Programmes > Par auteur > Billaud Yves

Ancient DNA from waterlogged wood as a new proxy for evolutionary studies on trees
Stefanie Wagner  1, 2@  , Frédéric Lagane  2@  , Willy Tegel  3@  , Andaine Seguin-Orlando  1@  , Yves Billaud  4@  , Christophe Plomion  2@  , Antoine Kremer  2@  , Ludovic Orlando  1, 5@  
1 : Anthropologie Moléculaire et Imagerie de Synthèse  (AMIS)  -  Site web
PRES Université de Toulouse, université de Strasbourg, Centre National de la Recherche Scientifique : UMR5288
31000 Toulouse -  France
2 : BIOGECO, INRA, Univ. Bordeaux
Institut National de la Recherche Agronomique - INRA
33610 Cestas, France -  France
3 : Institute for Forest Growth, University of Freiburg
79106 Freiburg, Germany -  Allemagne
4 : MCC/DRASSM, Marseille
13016 Marseille, France -  France
5 : Centre for GeoGenetics, Natural History Museum of Denmark, University of Copenhagen
1350 Copenhagen, Denmark -  Danemark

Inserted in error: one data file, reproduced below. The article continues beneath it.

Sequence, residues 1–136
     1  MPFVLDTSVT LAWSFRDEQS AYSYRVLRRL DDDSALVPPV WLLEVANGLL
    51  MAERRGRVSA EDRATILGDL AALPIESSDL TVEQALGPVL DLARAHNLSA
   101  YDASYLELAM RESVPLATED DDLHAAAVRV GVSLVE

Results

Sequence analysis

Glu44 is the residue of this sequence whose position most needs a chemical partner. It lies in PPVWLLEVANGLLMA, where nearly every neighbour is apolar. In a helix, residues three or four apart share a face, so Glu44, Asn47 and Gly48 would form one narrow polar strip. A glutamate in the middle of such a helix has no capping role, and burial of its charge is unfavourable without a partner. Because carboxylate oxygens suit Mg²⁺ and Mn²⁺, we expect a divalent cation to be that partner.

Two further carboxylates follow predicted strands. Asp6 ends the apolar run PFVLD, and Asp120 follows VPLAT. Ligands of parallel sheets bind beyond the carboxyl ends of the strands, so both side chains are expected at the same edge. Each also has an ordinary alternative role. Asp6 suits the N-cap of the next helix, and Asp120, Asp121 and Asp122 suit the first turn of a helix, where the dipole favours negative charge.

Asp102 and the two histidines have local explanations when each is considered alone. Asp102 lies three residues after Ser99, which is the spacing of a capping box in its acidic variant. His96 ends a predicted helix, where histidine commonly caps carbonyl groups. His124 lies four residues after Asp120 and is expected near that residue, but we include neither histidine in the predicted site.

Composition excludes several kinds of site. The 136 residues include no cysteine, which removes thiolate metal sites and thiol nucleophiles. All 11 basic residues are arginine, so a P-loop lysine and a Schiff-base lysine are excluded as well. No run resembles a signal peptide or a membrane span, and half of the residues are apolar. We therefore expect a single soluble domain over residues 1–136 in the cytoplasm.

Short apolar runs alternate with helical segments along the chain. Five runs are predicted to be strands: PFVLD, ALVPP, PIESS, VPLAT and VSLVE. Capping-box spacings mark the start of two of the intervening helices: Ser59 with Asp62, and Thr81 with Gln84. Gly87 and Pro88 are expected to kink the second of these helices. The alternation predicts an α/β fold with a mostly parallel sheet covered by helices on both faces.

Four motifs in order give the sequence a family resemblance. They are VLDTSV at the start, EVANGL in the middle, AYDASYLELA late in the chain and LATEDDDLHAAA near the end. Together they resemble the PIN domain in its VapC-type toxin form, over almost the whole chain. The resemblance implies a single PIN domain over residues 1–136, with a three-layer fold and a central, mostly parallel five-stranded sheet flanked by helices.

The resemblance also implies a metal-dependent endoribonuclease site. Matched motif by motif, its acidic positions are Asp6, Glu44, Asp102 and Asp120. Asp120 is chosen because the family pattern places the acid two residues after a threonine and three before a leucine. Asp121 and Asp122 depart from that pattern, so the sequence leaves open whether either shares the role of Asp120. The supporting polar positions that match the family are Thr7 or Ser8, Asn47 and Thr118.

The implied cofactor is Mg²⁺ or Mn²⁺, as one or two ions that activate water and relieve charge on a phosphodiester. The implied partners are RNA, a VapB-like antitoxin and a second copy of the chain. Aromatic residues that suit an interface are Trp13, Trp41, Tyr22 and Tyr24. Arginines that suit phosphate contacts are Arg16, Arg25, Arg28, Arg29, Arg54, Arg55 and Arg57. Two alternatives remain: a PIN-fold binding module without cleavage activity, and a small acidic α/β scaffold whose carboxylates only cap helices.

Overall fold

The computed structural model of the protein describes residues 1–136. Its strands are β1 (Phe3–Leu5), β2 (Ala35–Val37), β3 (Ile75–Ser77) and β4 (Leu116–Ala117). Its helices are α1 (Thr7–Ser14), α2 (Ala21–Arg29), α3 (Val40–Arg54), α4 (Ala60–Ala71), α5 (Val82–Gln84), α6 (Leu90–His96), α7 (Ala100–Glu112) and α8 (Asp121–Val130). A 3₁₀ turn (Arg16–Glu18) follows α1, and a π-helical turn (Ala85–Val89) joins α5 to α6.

Long-lived tree species build up global forest ecosystems and have been exploited by humans for thousands of years. They are presently of particular concern as their long generation times may limit their adaptability to fast-changing environments. Temporal-series from ancient tree populations can provide a unique perspective on tree evolutionary and forest use history, that may not be detected by studies relying exclusively on extant populations. This information, and a better knowledge of the interplay between forest tree species, humans and climate will likely be paramount for anticipating the potential consequences of ongoing environmental changes. In this study, we took European white oaks (Quercus robur and Q. petraea) as a tree model species group with the aim to use ancient DNA to track past population dynamics and selective trajectories in the face of major environmental changes. Since ancient DNA studies on trees, in particular in temperate regions, are still in their infancy, we first investigated subfossil and archeological wooden remains from different taphonomical and temporal contexts to define conditions that optimize access to authentic ancient DNA. Following optimized aDNA extraction methods and shotgun sequencing, we succeeded in authenticating genetic data retrieved from 167 ancient oak DNA samples aged between 550 and 9,500 years. We will present the first analyses on this extensive dataset, focusing on key drivers of endogenous DNA preservation, temporal insights on degradation, and postglacial patterns of haplotype distribution.

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